That original building still stands and is now Southern CT Gas Company. There is no mention of One Saab Drive, Orange, CT when I worked there (that was the address on our stationery). Along with 35 Executive Boulevard, which was the street and building next door, which is now Tangoe, Inc. Most of the employees worked in the Tangoe building, which consisted of three office floors. The two buildings had connecting driveways, which have since been fenced off from one another. I am surprised there was no mention of the “famous” car mound that used to be located between I-95 (not I-91) and the original building. There were usually two cars parked on the mound–I remember a 900 and a 9000– and lit to be visible by those driving along I-95. Very often, the Facilities Department would find bullet holes in the cars! Behind the car mound was a very famous set of flagpoles–USA, SWEDEN and SAAB. It was a terrific place to work. We were so sad when the company relocated to Norcross, Georgia.

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  3. steve h kehoe

    07. Feb, 2012

    I worked for Saab as Texas District Mgr (also Okla. and Louisiana) from 1979 thru 1991 when the @#@%^##’s at GM bought half the car division, starting the “road to rack and ruin” for a beautiful car line and some beautiful people (and of course, some assholes like Gary Rollinson).
    Thoroughly enjoyed the Swedish hospitality. Those were the golden years.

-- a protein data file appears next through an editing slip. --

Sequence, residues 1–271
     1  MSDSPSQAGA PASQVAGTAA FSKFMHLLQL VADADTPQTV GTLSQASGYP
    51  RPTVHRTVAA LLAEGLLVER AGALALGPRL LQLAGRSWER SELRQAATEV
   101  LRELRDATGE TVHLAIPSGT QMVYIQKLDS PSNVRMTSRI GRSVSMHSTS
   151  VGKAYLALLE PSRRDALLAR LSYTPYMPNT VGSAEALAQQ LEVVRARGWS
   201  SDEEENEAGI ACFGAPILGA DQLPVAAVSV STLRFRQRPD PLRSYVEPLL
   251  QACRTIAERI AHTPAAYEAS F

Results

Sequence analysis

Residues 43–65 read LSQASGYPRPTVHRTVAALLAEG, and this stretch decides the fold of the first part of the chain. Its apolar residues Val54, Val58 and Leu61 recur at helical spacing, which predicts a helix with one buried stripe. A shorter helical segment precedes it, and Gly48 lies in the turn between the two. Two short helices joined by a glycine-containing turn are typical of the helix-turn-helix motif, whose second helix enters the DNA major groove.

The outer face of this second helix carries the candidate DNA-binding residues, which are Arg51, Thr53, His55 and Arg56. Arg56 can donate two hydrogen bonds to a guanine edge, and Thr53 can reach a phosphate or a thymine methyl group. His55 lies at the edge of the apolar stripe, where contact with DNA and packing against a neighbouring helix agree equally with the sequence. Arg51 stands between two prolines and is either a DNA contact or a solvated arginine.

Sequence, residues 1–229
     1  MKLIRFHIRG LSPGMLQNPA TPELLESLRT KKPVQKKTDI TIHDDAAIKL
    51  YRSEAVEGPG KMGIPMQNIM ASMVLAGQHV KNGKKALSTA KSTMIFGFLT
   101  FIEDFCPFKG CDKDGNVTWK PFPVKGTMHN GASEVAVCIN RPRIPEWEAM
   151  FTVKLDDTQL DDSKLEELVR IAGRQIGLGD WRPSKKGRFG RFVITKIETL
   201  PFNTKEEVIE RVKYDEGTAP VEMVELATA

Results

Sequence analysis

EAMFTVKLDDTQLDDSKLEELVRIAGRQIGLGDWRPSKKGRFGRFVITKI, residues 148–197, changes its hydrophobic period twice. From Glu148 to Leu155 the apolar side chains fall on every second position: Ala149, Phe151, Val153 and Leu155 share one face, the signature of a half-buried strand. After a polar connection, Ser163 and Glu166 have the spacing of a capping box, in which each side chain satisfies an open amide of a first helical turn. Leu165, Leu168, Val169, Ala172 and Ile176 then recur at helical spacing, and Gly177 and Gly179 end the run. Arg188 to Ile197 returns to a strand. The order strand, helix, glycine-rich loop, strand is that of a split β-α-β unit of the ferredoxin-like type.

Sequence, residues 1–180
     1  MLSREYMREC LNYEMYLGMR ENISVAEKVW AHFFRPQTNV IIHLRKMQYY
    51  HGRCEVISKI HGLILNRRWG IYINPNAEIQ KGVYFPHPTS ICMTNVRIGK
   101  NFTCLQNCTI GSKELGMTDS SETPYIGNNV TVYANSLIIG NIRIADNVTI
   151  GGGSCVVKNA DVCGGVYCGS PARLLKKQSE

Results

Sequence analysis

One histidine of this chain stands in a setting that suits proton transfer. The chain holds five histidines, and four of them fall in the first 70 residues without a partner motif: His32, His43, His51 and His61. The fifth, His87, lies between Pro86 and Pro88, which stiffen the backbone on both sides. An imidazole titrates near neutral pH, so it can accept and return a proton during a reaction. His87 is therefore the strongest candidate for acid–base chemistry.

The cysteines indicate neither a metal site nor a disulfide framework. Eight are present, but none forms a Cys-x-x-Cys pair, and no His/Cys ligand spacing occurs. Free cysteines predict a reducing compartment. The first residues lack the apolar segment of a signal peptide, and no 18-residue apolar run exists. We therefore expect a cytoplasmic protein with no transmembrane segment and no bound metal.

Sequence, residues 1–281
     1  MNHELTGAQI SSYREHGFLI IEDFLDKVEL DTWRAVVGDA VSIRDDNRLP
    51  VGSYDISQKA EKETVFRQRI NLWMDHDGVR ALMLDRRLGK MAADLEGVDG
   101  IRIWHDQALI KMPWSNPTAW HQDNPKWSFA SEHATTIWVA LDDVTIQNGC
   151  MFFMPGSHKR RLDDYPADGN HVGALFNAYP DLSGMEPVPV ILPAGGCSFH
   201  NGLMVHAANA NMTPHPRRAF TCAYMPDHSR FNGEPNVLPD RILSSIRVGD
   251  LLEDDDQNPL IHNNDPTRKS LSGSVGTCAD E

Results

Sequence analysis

Thanks, General Motors, for fxxxing up a beautiful product and work environment.
    Steve H Kehoe
    MU66@etex. net

    Reply to this comment
  4. John Ieronimo

    10. Jun, 2016

    I worked there from 1975-1988 and thoroughly enjoyed the work environment – chiefly because of the team atmosphere created under the leadership of Bob Sinclair. Sinclair was SAAB – dynamic, fun, and available to all of his employees.

    I left there to spend 20 years at Mercedes Benz USA in NJ. Bigger company but not better.

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  5. Brenda Piper Boyd

    23. Oct, 2018

    One of the old Saab Cars USA corporate headquarters sites in Orange, Connecticut is being demolished. Very sad to see as I drive by it today. Those were good times working in that building. 35 Executive Boulevard

    Reply to this comment
  6. Tom Rudzinski

    06. Jun, 2020

    Hi I knew Bob Sinclair fairly well. He was a great guy. I worked over at the bus plant which was about a half mile from the Saab headquarters. I was in that building many time. The bus factory was a great place to work. I was the third person hired to work there as a welder. I worked my way up over the 5 years I was there till they closed. The Swedes were great pele to work for. I became very good friends with them and had great times.